Or how to write a one-liner and still keep your code expressive.
Here's that one-liner.
const containsNumbers = !someArr.some(isNaN)
What's going on here?
First, our array uses the
some method. This method loops over the array and accepts a function that tests if at least one element passes the criteria set by that function.
Notice "at least one" element part. Let's say you used
filter method instead of
some. Now let's pretend that you are looping over a large array but you are only interested in first occurrence of a number. Why take the performance hit and loop over an entire array, right? So you would have to manually exit the loop based on a condition. Not with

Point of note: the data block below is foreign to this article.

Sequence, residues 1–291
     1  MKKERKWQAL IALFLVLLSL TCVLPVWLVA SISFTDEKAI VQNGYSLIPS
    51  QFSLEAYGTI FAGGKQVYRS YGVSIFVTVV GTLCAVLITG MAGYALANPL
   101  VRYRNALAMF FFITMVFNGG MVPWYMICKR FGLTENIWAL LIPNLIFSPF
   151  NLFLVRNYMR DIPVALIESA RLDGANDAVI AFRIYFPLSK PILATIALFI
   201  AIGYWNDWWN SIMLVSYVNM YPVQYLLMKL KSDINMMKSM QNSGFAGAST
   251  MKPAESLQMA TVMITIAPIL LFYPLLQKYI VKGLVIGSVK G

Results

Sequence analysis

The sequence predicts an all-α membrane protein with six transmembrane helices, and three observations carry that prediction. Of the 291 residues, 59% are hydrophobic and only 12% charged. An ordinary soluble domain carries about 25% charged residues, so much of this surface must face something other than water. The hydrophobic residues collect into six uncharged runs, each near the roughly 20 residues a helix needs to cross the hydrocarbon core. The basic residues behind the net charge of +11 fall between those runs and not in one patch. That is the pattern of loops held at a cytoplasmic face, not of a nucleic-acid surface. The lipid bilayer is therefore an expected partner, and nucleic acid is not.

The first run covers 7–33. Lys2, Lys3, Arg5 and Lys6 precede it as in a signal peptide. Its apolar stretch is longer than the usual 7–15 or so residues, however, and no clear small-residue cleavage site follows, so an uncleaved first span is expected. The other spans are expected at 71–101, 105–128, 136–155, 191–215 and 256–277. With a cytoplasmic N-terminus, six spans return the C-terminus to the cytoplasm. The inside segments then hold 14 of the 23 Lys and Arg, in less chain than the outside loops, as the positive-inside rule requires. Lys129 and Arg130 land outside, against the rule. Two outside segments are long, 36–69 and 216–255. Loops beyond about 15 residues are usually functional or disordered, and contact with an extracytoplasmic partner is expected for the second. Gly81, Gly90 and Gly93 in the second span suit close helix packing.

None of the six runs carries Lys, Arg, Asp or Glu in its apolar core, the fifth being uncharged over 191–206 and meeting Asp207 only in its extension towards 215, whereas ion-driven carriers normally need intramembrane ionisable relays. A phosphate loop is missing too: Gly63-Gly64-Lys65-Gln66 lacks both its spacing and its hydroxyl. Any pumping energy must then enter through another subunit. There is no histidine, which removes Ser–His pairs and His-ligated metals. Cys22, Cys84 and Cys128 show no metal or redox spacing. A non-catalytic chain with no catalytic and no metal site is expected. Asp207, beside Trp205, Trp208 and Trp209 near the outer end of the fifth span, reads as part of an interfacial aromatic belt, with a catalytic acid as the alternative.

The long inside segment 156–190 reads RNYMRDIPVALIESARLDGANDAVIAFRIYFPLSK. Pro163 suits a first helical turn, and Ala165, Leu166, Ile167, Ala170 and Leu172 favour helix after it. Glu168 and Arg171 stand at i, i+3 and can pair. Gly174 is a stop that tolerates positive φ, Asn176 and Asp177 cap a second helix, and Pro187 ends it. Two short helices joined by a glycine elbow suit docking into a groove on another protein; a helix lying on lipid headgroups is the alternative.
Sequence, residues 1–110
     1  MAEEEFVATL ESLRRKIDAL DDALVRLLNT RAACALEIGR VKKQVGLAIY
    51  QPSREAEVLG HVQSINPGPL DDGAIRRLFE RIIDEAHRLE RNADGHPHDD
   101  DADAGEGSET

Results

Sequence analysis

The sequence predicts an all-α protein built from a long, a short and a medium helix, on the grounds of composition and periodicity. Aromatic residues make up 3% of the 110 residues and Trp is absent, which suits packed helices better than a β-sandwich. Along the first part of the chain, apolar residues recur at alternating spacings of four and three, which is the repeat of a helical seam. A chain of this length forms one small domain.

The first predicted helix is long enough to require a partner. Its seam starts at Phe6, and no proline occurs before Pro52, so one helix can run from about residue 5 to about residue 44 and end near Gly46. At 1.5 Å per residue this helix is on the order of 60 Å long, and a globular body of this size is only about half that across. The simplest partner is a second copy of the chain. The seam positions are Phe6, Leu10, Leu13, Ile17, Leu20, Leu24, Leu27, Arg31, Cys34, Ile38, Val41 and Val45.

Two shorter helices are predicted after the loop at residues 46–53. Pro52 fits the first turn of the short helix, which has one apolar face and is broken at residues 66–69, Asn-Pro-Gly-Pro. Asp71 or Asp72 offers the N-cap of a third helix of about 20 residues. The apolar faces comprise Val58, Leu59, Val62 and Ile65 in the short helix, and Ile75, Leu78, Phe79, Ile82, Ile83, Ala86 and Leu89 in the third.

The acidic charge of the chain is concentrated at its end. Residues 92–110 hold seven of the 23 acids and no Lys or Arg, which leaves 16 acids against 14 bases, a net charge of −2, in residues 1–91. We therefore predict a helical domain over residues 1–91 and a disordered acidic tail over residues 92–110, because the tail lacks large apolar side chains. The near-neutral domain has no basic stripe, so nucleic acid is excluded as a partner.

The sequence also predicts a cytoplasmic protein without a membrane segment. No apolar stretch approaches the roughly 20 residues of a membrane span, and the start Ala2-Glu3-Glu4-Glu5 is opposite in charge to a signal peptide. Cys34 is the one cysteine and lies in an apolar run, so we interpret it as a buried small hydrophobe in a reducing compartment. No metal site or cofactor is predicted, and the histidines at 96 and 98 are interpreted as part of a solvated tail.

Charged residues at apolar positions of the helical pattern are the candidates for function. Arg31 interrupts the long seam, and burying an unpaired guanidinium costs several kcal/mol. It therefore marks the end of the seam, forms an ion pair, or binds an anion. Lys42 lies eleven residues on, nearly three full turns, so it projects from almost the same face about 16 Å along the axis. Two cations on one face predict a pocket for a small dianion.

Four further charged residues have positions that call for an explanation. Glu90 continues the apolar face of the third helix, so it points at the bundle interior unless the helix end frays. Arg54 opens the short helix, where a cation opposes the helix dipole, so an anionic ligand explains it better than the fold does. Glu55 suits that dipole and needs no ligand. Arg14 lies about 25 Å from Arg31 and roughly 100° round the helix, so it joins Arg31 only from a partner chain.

some, it is handled for you.
The second part is a callback function. We can rely on the global (window)
isNaN function here. Keep in mind that there is also
Number.isNaN method that provides more predictable results when it comes to type coercion. Use whatever is more appropriate in your case, but note that the global
isNaN function has better browser support.
In and out. Ciao!